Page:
FEATURED IN CUToday: Common Mistakes to Avoid in Designby La Macchia Group
Milwaukee, Wisconsin -- Digital banking is forcing credit unions to be much more efficient with their branch space, says one design and build firm.
“With the heavy digital presence today, smaller brick-and-mortar locations are becoming more popular to allow for branches to expand into areas in which they never have been before. That means every inch of space counts,” said Danielle Havlicek, director of design strategy at La Macchia Group. “Consumers are looking for convenience and in an omni-channel world, brick-and-mortar stores need to provide a unique experience that you can’t just get online. So what types of connections can be made at the branch level that does more with less?”
Some common missteps often occur with amenities within the branch lobby, according to Havlicek.
“Credit unions have features in prime real estate areas that are intended to encourage a connection with members through the use of café counters, tech areas, community walls, sign-in stations, digital marketing and printed collateral,” she said. “These features are important to consider in the overall member experience, but what happens when these things are neglected, carry generic or stale messaging, or even become outdated?”
Areas often invested in and sometimes neglected, according to Havlicek, include:
“In the pursuit of maintaining relevance and demonstrating a level of tech savviness, a tech area has gained popularity over the years. However, a table with iPads is not necessarily an enticing amenity,” she said. “What are your members’ tech habits? Having iPads, interactive touchscreens, etc. are only effective if they are used and the content is engaging. If your members are always on their personal devices, do you need a tech desk? Can it instead be a multi-functional space, capable of evolving to support the needs of your members?”
“The traditional marketing and sales process grew dependent on printed materials. Sometimes, television monitors were installed to share messaging too,” Havlicek said. “Printing updates can be a burden to the budget, so how outdated is your information? Do members pick up a brochure or are they simply causing clutter? Does the monitor grab their attention or is it just a blank screen on the wall now? It is important to understand the information your members desire and the best methods of delivery.”
“There are legacy aspects of the branch that seem comfortable because they are familiar, right? That is what can be said of the traditional teller counter,” said Havlicek. “Everyone can remember time spent in a long queue line or two. Today, people have so many options besides coming into a branch, and our universal ‘busyness’ makes us impatient with any type of line. When members decide to come into a branch, they are doing so for a reason. The key is understanding your members and potential members, so you can deliver an efficient experience that will make them want to come back again and again.”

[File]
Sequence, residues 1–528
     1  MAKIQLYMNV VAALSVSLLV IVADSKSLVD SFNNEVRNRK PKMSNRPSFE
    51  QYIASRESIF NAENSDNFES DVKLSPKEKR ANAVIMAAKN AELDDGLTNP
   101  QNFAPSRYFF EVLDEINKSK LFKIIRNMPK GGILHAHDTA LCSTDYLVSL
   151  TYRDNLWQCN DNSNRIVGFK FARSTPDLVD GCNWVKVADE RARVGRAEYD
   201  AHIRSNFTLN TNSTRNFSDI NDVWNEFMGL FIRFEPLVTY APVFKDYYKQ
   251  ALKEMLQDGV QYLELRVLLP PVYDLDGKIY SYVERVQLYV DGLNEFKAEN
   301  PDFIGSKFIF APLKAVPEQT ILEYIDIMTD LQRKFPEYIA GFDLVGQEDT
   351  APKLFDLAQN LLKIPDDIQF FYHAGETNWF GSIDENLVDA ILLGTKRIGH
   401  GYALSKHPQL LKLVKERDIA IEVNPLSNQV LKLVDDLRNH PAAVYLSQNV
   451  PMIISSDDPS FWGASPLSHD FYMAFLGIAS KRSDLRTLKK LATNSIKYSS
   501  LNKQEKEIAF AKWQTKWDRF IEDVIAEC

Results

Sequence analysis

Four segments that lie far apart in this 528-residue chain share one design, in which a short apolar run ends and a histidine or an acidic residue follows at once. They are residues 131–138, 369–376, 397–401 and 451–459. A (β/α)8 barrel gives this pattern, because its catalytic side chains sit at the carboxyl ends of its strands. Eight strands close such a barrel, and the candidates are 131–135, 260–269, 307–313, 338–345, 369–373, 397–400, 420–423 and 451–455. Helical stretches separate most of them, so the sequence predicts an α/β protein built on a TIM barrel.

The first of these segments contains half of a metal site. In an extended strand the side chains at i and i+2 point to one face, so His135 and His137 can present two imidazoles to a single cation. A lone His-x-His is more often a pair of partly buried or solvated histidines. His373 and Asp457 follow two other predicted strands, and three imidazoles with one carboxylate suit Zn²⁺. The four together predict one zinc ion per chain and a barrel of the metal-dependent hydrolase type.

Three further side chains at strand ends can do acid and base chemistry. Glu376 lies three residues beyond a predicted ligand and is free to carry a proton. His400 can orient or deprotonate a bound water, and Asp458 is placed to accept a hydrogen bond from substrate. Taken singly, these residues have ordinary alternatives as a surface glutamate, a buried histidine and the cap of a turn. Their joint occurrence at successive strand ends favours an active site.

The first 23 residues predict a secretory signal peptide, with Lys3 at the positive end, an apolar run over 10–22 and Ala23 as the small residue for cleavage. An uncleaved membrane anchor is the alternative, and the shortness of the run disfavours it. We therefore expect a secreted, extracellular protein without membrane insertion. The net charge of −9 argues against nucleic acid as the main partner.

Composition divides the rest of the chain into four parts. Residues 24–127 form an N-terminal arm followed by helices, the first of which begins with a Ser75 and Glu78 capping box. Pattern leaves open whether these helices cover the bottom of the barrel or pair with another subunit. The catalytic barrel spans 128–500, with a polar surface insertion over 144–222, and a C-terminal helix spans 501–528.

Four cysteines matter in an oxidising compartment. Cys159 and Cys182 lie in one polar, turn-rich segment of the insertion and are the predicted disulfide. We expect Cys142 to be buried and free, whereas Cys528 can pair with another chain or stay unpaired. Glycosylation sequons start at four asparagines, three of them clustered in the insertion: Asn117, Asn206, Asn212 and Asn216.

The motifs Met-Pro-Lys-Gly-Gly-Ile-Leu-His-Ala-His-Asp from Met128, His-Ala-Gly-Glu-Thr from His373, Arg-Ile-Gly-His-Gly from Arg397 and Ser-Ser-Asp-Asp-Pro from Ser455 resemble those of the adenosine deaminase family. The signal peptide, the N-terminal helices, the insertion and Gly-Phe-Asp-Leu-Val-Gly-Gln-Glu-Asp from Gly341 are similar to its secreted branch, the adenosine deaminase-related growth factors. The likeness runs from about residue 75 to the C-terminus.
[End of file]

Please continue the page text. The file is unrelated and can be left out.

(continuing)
The retail areas and tools integrated in a credit union need to be created based on the demographics and member personas being served, Havlicek insisted.
“Design decisions need to be based on what drives your membership culturally, what they like to do, how they like to interface with their finances or learn more about them,” she said. “There are so many innovative products, digital capabilities and opportunities to create impactful spaces that enhance the member experience and create deeper, meaningful connections. The key is investing in the research necessary to truly understand your members and create a strategy that takes a multi-channel approach, one that considers every touch point—the entire consumer journey.”
There certainly is a financial impact with the branch features selected and decisions made, noted Havlicek.
“While a digital platform may cost more upfront, the ability to update content becomes easier and eliminates large printing budgets. If your credit union can refresh messaging quickly to better connect with members, that has greater potential to secure new accounts or deepen member commitment,” Havlicek said. “Rethinking a tech desk, transaction platforms and other areas allows the footprint of your branch to be reduced which can create a savings from a real estate perspective as well as FTEs.”
What Drives Decision-Making
Havlicek emphasized that consumer choices are driven by experience.
“They want an experience that is comfortable, user-friendly, and dynamic—one that resonates with them on a personal level,” she said. “From your physical branch to your digital channels, every interaction is an opportunity to build a relationship with your members. Our UFX—User Financial Experience—methodology guides how we shape the overall experience of your consumer journey, your brand, your products and services. We analyze each phase of your project through an experiential lens to ensure your business is creating a lasting impression.
“This is not a one-size-fits-all answer for all credit unions,” continued Havlicek. “Our UFX methodology really digs deep into your specific market and member profiles. We analyze the purpose of the consumer, their motivation, the best mediums to be used to connect with them, and how to deliver on their expectations.”
She said that helps La Macchia determine:
- What technology to implement and how to integrate it into the physical space
- The best ways to infuse branded and community messaging into the experience
- What types of collateral will be engaging and effective
- How to create a space plan that enhances relationship development
“We think about your member journey from start to finish and implement a branch design and digital strategy that is future-focused—one that will deliver ROI, not become a misstep or wasteland,” Havlicek said.